Progressive Movement

Upton Sinclair: The Consequences of Land Speculation are Tenantry and Debt on the Farms, and Slums and Luxury in the Cities

Dan Sullivan's comments:

Of course, what happened when lefties like Upton Sinclair sold out to the expedient of class envy, was that the privileged classes strategically caved on these other taxes, so that now we do tax the rich man's stocks and bonds (and also the poor man's retirement funds) and his inheritances (if he is not rich enough to hold them overseas) and his wife's jewels (which merely causes unemployment among jewelers). And since these various unprincipled measures have been disastrous, people are now suspicious of any tax that falls on the rich, including the one proper tax, for which Mr. Sinclair, had he not been impatient for cheap victories, would have held out.

It is often asserted that Henry George paved the way for the Progressive Movement, which in turn paved the way for the Socialist Movement. This passage, to me, is the *essential* description of how our own "allies" derailed us.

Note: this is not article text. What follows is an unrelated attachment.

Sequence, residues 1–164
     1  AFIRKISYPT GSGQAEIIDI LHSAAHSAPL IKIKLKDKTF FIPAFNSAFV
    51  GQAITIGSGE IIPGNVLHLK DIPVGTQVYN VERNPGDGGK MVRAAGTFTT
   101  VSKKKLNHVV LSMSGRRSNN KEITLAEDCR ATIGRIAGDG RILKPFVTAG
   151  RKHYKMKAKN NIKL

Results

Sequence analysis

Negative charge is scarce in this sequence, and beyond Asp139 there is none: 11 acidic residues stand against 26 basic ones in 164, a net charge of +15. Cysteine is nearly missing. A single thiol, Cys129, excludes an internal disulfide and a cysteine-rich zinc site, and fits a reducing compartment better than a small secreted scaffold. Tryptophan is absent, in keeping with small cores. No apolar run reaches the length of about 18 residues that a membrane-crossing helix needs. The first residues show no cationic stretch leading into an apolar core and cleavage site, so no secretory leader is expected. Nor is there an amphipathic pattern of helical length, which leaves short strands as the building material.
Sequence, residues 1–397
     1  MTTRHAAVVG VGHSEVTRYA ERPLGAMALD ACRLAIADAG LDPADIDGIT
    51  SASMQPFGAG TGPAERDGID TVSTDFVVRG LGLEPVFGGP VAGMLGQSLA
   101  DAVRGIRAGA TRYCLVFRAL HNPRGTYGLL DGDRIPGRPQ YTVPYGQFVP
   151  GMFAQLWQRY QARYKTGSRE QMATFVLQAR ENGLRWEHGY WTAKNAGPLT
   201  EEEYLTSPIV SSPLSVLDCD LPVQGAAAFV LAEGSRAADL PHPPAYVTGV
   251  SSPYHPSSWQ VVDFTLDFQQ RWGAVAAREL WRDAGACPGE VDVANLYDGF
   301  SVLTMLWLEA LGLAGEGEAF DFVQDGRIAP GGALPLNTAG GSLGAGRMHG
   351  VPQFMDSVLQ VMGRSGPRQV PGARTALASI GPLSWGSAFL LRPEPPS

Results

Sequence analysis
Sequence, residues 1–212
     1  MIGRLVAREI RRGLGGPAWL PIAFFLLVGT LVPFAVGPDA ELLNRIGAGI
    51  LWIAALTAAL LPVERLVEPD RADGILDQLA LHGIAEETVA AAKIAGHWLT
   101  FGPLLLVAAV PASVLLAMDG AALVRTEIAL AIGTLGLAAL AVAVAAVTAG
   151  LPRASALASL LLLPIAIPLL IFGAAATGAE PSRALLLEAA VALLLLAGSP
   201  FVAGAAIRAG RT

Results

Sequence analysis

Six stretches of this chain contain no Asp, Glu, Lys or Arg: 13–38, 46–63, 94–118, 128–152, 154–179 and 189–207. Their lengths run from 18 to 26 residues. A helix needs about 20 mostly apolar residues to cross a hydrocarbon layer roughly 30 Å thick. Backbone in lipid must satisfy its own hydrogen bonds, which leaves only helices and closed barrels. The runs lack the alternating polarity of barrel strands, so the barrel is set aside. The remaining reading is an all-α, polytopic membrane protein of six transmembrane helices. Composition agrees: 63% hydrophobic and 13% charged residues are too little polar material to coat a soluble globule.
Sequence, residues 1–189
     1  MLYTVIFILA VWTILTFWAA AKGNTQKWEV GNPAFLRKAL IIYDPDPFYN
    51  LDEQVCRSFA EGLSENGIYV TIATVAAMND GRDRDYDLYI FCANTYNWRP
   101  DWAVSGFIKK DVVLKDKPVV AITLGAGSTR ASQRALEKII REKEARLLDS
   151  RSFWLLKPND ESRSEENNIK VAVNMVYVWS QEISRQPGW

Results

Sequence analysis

Thus I regard as critically important, the following passage from paragraph 18 of Tom Paine's "Agrarian Justice":

"While, therefore, I advocate the right, and interest myself in the hard case of all those who have been thrown out of their natural inheritance by the introduction of the system of landed property, I equally defend the right of the possessor to the part which is his."

We must oppose those who would make public property private, but we must equally oppose those who would make private property public. In my opinion, Georgism was undone, not by its enemies, but by its shallower allies who were more enamored of victory than of principle.

The rest of the Upton Sinclair article is wonderful, but this passage is especially wonderful in its own perverse way, because it is a window into exactly where the movement went astray. ... read the whole article